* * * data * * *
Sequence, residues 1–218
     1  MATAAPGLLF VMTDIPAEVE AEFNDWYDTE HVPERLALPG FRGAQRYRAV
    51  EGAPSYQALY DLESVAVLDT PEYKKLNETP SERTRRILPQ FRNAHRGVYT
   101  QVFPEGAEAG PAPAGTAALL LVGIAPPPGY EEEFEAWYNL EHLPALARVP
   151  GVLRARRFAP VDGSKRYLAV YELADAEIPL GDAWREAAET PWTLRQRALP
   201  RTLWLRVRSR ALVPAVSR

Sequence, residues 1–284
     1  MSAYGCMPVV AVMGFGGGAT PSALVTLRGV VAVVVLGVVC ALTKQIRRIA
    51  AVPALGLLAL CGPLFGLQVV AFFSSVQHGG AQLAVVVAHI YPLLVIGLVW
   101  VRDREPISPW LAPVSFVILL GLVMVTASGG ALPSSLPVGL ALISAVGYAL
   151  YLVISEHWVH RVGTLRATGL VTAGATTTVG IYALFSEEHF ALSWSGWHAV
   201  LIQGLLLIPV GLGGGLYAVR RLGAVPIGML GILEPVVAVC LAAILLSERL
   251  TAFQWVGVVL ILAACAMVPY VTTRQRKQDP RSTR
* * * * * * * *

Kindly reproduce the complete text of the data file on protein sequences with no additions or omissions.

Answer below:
Sequence, residues 1–218
     1  MATAAPGLLF VMTDIPAEVE AEFNDWYDTE HVPERLALPG FRGAQRYRAV
    51  EGAPSYQALY DLESVAVLDT PEYKKLNETP SERTRRILPQ FRNAHRGVYT
   101  QVFPEGAEAG PAPAGTAALL LVGIAPPPGY EEEFEAWYNL EHLPALARVP
   151  GVLRARRFAP VDGSKRYLAV YELADAEIPL GDAWREAAET PWTLRQRALP
   201  RTLWLRVRSR ALVPAVSR

Sequence, residues 1–284
     1  MSAYGCMPVV AVMGFGGGAT PSALVTLRGV VAVVVLGVVC ALTKQIRRIA
    51  AVPALGLLAL CGPLFGLQVV AFFSSVQHGG AQLAVVVAHI YPLLVIGLVW
   101  VRDREPISPW LAPVSFVILL GLVMVTASGG ALPSSLPVGL ALISAVGYAL
   151  YLVISEHWVH RVGTLRATGL VTAGATTTVG IYALFSEEHF ALSWSGWHAV
   201  LIQGLLLIPV GLGGGLYAVR RLGAVPIGML GILEPVVAVC LAAILLSERL
   251  TAFQWVGVVL ILAACAMVPY VTTRQRKQDP RSTR